Schools Rushing To Join the ESG Bond Market

Schools Rushing To Join the ESG Bond Market

Universities in the United States are tapping into the investment market for funds from investors keen to signal their own interest in supporting environmental causes.

Last year, schools issued almost four times as much debt branded with green, sustainability or social labels as the year before. The schools are embarking on programs that will reduce their carbon footprint, either through innovative research and testing programs or by building new campus buildings that adhere to the latest green standards.

Sales of ESG bonds (environmental, social and governance) are an emerging trend where states, cities and public institutions raise money to finance capital projects. Bloomberg reported that in 2021, municipal borrowers sold more than $50 billion of green-, social- or sustainability-labeled debt, far and away a record. Colleges and universities accounted for $1.7 billion of that amount, a growth reflecting the broader market. 

By adopting the green label, colleges are able to show their aspirations: to use social, financial, and educational capital to make the world a better place and improve their campuses, especially as infrastructure ages.

Ohio State University last September borrowed US$600 million for a new inpatient hospital in Columbus that promotes energy efficiency and conserves water. 

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The university will consider more green labels to lower the cost of future bonds, said Kurt Kauffman, assistant treasurer at Ohio State.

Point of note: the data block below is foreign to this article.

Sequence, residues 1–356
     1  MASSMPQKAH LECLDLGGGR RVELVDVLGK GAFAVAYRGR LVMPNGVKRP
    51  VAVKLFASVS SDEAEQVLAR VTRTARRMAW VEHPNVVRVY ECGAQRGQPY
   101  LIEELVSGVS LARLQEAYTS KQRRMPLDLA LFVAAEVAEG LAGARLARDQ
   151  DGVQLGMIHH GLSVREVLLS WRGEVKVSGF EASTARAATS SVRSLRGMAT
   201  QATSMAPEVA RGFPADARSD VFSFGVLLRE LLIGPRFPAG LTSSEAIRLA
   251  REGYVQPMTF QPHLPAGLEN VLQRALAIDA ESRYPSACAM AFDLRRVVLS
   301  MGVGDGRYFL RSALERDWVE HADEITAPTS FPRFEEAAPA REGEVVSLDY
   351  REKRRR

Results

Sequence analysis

“We think that benefit will grow over time as that ESG investor base matures,” Kauffman said. “It may be a small benefit now but bigger in the future.”

It’s difficult for investors to get the full picture of what exactly is a green bond because anyone can choose to self-label, said Alexa Gordon, head of ESG for the municipal fixed-income group at Goldman Sachs Asset Management.

“Until there’s consistency, it’s hard for issuers to have that incentive,” Gordon said.

Oberlin College, a liberal arts school about 56 kilometers southwest of Cleveland, essentially conducted its own price experiment in July when it sold debt with a climate-bond certification to convert its energy system to geothermal.

The school priced two bonds on the same day, with the same maturity and call structure. The $80.6 million green bond priced with a yield 90 basis points above the benchmark. The $30.4 million series, to refinance debt, priced with a spread of 95 basis points. Vice President for Finance Rebecca Vazquez-Skillings said the climate label gave the green bond a better price.

Stanford University sold $300 million of climate and sustainability bonds for projects that support the school’s emission-reduction goals.

Treasurer Karen Kearney said it’s unclear whether the green label meant a lower borrowing cost because Stanford’s debt is already in high demand from buyers eager to invest in the AAA-rated school. Still, she said the April sale drew bids from new ESG-focused investors who hadn’t bought the school’s debt before.

Oberlin’s multi-year energy conversion will further its goal to become carbon neutral by 2025.

This is an abridged version of Bloomberg’s article which appears here.